What to make of the apology of sorts by the Rev. Dr Martin Dudley about the creative service of blessing for a gay partnership he was given by a collague and partner and performed at St Bartholomew the Great on 31 May this year? That was the service in which the Book of Common Prayer wedding service was adapted into a near as could be wedding service for gay partners along with a Eucharist.
The service and its source and construction was three steps forward for the action of a gay relationship blessing: if it can be done, this is one 'traditional' way to do it. Unfortunately the Church of England, being rather contradicted between its own factions for and against, and the actuality of Civil Partnerships by the State, couldn't go along with this ceremony of togetherness.
Once the media reported it a sort of stink errupted, even though until the media reported it there was no comment.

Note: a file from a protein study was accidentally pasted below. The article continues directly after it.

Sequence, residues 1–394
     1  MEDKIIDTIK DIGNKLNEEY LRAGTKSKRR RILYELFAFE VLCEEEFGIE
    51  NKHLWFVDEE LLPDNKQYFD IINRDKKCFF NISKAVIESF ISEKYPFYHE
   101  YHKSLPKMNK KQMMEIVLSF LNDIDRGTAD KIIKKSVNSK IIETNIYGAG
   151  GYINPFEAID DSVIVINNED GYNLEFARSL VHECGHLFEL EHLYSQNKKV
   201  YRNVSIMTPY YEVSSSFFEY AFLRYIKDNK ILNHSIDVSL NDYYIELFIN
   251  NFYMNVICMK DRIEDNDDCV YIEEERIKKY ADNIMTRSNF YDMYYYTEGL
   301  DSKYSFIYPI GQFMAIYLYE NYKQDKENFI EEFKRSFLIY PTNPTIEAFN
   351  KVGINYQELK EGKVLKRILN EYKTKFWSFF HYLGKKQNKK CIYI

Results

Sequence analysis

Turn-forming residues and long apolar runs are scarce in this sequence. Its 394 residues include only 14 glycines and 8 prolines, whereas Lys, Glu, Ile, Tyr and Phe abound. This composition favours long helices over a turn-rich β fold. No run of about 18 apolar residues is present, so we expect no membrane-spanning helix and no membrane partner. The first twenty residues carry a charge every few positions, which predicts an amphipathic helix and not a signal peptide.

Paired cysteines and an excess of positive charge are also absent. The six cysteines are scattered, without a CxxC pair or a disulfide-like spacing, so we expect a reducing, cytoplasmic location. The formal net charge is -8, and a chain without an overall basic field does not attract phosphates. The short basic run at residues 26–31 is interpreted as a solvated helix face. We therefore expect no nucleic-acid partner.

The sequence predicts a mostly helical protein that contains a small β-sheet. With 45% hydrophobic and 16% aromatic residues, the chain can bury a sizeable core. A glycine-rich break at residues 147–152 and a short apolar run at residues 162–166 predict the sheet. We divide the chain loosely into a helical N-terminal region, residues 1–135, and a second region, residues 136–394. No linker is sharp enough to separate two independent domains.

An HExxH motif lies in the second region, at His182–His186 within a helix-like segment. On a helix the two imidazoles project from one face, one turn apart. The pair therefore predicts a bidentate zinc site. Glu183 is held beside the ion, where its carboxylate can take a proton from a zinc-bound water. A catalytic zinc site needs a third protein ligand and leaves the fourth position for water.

Disciplinary action might have been expected - not against the media but against Rev. Martin Dudley. However, Open Evangelical Bishop Pete Broadbent has done his boss's duty and announced his boss's view that the matter is closed. After "frank discussions" with the Archdeacon of London, Rev. Dudley now thinks the service should not have happened and he won't do another; it was inconsistent with the House of Bishops' Pastoral Statement from 2005, and he should have given it far greater weight, even though he thinks this Pastoral Statement is subject to differing interpretations and he is profoundly uneasy with much of its content.
Bishop Broadbent keeps his own silence on whether there should have been disciplinary action, as he passes on another's view, but he does call it a "full and frank apology".
Is that what it is? The upshot of the explanatory letter has neutralised one Rector from doing it again, but that's all. The Rector gets in his complaint too. The Church of England must think this is another finger in the dyke, as they might say in Holland, stopping one man. Rather, a good marker was put down, however, a how to do it marker, for which the performer is to be made a small frozen out martyr, while everyone knows the direction of the flood.
The Church of England, fear of change, and the True Self - “Perhaps loss is the price we pay for being human, for being beautifully fragile. In order for us to be human, things must change, things will and must get...